As part of our ongoing commitment to nurture, support and inspire local theatre-makers, the Royal Exchange Theatre are able to offer directors based in Greater Manchester the opportunity to observe the journey of a production through rehearsals with our Observer Mondays Scheme.

Here is the third blog from the Little Shop of Horrors observing director Joshua Val Martin

B2zYehaIQAACRVPIt's now over halfway through the rehearsal time (excluding technical rehearsals and previews) and there seems to be an unspoken acknowledgment of this fact; whilst a sense of play and experiment is never too far away, there's a renewed impression of shared focus.

Rehearsals begin with a rigorous vocal and physical warm-up, critical for a piece such as Little Shop of Horrors. Following this, it's straight to work. Derek usually allows the scene to run without too much talk, allowing the actors to organically find themselves in the space and words.

Performers never cease to amaze me; not just their confidence to stand on a stage in front of over seven hundred, but also how they find detailed nuances and ideas in text and take me to a completely different, exciting place. Derek told me in one of our initial conversation that he liked to cast performers who were eager to bring ideas to the table. Furthermore, it becomes a very collaborative exercise.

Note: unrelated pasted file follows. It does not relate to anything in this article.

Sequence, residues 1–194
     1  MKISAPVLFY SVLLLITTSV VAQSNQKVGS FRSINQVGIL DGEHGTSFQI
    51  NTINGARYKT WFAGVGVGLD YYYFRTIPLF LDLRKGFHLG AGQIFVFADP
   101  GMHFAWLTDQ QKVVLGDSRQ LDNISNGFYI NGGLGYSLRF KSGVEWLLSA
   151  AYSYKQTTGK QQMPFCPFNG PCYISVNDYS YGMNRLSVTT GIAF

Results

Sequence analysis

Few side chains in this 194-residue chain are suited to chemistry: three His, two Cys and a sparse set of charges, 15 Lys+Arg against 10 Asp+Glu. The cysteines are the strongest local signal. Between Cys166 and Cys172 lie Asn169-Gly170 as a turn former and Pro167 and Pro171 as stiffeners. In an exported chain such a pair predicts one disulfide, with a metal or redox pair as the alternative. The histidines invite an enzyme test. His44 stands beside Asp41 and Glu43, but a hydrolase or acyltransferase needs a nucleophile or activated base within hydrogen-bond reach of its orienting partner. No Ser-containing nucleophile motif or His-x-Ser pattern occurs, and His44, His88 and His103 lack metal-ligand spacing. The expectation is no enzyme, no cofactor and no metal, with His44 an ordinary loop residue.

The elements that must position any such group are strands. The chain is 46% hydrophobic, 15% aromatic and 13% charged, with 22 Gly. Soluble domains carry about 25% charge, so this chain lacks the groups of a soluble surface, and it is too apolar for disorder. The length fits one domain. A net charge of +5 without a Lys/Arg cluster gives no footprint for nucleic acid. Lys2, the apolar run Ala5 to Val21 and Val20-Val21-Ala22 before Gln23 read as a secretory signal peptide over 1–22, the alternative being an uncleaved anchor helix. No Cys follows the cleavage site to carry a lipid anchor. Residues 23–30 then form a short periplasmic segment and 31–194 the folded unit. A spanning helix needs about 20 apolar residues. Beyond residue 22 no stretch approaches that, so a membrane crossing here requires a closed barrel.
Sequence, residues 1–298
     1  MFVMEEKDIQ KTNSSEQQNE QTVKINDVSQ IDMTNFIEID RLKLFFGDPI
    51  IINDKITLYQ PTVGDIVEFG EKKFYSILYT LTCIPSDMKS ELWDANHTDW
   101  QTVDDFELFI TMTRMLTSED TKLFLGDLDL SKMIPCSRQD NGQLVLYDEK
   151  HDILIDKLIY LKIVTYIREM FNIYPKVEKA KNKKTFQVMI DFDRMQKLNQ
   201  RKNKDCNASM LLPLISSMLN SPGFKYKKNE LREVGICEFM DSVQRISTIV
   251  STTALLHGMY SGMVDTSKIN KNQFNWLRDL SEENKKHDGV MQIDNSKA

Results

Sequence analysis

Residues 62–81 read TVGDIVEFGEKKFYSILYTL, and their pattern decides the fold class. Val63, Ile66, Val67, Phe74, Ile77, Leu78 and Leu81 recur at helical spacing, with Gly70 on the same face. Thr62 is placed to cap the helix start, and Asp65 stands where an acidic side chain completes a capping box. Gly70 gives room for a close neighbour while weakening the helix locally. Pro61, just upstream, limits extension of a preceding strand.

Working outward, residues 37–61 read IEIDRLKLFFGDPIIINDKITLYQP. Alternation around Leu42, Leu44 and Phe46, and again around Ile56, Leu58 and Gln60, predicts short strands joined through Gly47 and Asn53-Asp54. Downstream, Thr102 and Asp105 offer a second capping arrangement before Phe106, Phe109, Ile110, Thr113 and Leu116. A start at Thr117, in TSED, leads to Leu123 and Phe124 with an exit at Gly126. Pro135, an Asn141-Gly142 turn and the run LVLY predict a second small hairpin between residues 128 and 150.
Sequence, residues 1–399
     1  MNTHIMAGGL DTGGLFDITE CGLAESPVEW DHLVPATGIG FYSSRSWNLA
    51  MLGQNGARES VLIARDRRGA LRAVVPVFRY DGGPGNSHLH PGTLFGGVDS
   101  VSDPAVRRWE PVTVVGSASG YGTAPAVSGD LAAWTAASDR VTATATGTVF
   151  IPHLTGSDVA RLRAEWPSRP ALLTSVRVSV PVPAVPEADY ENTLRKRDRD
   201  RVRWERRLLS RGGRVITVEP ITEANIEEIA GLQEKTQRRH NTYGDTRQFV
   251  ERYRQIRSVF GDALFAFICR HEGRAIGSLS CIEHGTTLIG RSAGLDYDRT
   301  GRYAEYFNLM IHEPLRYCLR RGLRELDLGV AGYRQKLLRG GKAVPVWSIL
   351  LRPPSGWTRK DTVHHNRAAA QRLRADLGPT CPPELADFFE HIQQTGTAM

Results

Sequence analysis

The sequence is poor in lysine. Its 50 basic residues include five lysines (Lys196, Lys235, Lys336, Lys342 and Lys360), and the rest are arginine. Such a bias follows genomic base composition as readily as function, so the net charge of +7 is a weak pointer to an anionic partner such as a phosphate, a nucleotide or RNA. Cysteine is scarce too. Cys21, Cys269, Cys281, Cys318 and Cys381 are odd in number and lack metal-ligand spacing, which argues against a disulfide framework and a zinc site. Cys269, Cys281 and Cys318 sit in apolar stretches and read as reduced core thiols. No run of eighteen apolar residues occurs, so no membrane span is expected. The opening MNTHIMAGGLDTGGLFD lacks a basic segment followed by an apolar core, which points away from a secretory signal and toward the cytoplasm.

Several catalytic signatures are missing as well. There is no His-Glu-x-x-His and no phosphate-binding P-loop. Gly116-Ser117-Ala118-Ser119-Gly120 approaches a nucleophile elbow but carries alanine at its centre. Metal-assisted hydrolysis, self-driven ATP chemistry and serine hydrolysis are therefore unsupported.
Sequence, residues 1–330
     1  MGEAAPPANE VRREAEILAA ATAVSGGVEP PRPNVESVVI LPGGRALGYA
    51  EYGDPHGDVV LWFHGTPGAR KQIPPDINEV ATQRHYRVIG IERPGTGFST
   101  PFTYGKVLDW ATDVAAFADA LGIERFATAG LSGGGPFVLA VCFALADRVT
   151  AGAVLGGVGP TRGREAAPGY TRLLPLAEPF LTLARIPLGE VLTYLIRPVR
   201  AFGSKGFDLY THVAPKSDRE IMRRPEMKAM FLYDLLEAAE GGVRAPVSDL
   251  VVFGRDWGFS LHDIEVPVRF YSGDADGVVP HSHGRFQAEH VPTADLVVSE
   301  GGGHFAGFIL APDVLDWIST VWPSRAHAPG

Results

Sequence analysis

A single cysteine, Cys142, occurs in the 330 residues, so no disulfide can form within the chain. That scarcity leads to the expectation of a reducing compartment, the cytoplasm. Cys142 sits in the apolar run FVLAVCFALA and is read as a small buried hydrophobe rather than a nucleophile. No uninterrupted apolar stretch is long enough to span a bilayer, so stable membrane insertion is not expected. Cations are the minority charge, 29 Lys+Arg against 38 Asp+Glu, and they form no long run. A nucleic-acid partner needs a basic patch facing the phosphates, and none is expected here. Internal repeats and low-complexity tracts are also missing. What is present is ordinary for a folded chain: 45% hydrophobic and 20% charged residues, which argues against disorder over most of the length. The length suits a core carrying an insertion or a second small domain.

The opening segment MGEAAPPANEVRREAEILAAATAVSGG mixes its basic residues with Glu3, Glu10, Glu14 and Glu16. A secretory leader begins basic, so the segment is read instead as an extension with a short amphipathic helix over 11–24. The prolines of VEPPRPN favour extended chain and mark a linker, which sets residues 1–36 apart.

After this initial 'play-through', Derek will take a moment to speak quietly to a performer or two. It's always a conversation; how I wish there was a sonic equivalent of binoculars! It's back to work and following on, the scene has suddenly found a new clarity or drive. I say back to work because what I love about this rehearsal room is that the focus is always on the performers, performing.

Having said that, there are questions and as a result discussion, and many of them. Sometimes they are practical. Working in the round, particularly with a rather large moving plant, the logistics of how to get things and people on and off and around just simply need to be sorted out. Sometimes it's questioning why a character does a certain action, or says a certain word. The answers sometimes come quickly, sometimes half an hour. Either way, there's always a lot of laughter; this is probably important in any rehearsal room, though I'd think more so for a Christmas production! I suppose it's simultaneously frustrating and amusing to think the audience will be none-the-wiser to the vast amount of thought that went into, for example, how CJ will throw a bag across the stage; it's an essential moment in the play, and yet in all probability, the audience will think nothing of it!

It's been another inspiring, stimulating, rousing week observing at the Royal Exchange Theatre; I feel pretty chuffing privileged!